Luckily, at this same time, my parents' Churncraft project was turning into a serious venture and they offered me a job working at their start-up. I now focus on the branding, digital development and marketing side of Churncraft. A s the jack of all trades at Churncraft HQ, I also take care of operations, sales, logistics and much more!

Hannes FreyHannes Frey: I have always been involved with finance, global markets and large corporations. That's my professional world. It is complex, creative, and often challenging, but it is rather abstract. Over the years, I have come to appreciate things that are tangible.

Take butter: When you make butter with your own hands, you know where your raw material is coming from — straight from the cow — and you know exactly what it takes to create something from beginning to end:  a good tool, some knowledge, and a bit of effort. When you are done, nobody will ask what you have accomplished. Everybody can taste the result. There is no pretense; there is no need for an explanation.

When Kristin told me that she wanted to revive the traditional hand-crank American butter churn, I was taken with the idea. I offered to help her with the overall direction of the new undertaking and to keep an eye on the technical side.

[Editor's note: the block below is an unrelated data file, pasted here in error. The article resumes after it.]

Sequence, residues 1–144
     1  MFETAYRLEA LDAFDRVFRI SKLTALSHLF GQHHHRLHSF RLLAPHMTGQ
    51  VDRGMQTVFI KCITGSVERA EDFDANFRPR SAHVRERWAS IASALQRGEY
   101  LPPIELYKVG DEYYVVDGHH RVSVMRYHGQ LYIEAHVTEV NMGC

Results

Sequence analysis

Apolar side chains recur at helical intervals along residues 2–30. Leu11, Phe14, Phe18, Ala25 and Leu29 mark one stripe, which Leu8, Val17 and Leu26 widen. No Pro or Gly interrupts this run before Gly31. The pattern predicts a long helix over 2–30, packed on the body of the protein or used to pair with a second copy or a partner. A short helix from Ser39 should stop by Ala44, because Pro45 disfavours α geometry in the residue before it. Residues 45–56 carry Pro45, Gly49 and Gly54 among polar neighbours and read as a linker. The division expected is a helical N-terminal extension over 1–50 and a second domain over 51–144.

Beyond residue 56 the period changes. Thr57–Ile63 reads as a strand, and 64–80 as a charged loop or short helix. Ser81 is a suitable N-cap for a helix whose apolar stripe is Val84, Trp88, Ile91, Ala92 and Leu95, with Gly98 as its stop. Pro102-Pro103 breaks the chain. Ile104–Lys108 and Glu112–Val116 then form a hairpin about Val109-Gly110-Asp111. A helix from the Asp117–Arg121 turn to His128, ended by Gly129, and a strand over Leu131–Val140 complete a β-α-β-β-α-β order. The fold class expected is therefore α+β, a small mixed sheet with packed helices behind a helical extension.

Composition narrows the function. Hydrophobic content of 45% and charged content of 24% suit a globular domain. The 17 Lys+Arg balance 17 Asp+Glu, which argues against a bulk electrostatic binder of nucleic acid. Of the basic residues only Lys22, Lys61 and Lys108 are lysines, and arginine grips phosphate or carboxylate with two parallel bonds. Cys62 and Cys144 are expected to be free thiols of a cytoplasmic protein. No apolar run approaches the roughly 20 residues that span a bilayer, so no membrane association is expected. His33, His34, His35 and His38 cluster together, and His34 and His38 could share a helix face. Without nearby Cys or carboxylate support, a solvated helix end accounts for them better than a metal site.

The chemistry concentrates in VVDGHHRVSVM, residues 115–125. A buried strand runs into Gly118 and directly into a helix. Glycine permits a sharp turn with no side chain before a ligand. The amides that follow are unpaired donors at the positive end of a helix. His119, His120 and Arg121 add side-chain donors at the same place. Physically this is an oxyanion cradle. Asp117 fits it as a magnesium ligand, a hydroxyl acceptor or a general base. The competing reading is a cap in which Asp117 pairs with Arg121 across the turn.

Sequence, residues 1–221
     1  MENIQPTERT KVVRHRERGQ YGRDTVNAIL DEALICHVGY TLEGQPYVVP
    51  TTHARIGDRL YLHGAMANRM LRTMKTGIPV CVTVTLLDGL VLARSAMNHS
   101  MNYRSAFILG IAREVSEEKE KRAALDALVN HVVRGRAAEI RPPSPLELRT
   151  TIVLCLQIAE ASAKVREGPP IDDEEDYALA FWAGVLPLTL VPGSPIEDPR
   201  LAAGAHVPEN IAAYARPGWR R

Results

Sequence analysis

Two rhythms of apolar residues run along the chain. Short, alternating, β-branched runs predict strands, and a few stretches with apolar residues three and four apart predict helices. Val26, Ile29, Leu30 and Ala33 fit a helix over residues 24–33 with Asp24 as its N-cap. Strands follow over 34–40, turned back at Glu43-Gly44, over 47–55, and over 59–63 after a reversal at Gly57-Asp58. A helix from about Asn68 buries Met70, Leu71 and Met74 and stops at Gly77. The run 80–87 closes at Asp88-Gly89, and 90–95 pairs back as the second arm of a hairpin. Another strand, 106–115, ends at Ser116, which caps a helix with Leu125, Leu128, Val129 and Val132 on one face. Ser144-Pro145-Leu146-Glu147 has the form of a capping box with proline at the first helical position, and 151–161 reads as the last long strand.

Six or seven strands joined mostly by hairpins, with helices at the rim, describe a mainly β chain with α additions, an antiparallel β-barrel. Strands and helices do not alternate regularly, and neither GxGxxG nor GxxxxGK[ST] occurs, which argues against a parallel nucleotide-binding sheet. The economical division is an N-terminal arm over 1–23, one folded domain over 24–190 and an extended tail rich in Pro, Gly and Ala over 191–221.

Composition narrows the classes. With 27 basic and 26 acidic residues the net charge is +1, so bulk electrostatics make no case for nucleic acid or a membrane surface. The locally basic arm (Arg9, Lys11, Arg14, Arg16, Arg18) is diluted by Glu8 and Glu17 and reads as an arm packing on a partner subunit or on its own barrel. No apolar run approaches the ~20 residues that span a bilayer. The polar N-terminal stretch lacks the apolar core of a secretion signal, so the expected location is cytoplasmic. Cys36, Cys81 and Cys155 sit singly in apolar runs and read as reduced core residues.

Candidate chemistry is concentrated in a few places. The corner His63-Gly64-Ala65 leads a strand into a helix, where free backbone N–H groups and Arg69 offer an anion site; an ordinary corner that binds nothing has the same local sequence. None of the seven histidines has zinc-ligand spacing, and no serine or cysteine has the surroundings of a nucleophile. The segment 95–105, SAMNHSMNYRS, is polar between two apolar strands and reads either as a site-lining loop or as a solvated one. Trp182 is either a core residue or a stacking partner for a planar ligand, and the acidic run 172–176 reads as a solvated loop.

Kristin is not the only one with roots on a family farm. I grew up in Switzerland, a land of cows, butter and cheese. My grandfather owned a farm in the hills above Lake Zurich. He milked his seven cows twice every day -- spring, summer, fall and winter -- on workdays and Sundays. He also tended his small vineyard. As a child, I loved to visit the farm. The memories of smells, textures and sounds are still vivid in my mind: the tickling of freshly mown hay in my nostrils; in the fall, the scent of fermenting fruit in the cellar; the amazing richness of a glass of warm milk straight from the cow.

My parents were attracted to the world of letters. They left the farm behind and started a publishing house. As a young man, I got involved in editing the family's magazines. It was a great privilege to write for a national audience about political and economic issues, and it gave me a taste of the wider world beyond the borders of Switzerland. To gain access to this world, I studied law and business.

When Kristin and I got married, we decided to raise our family in America. This was in the 1980s. I spent fifteen years on Wall Street, a few years with a large multinational pharmaceutical company, and then another ten years in global finance. The stage was getting bigger; the issues were becoming more complex, the work more rewarding, yet all along I felt the pull of a simpler life.

At Churncraft, we are witnessing a revival of classical crafts and tools in America. Cooking is a huge part of it. From the professional chef to the aspiring cook to the urban farmer, the culinary world is rediscovering the excitement of working with butter. We believe in the age-old tradition of making butter by hand. There is a great joy in it. You'll taste the freshest butter you can imagine, yet it is about so much more than just taste. It is an experience we would like to share, so we have decided to update the classic, hand-crank butter churn for the contemporary American kitchen.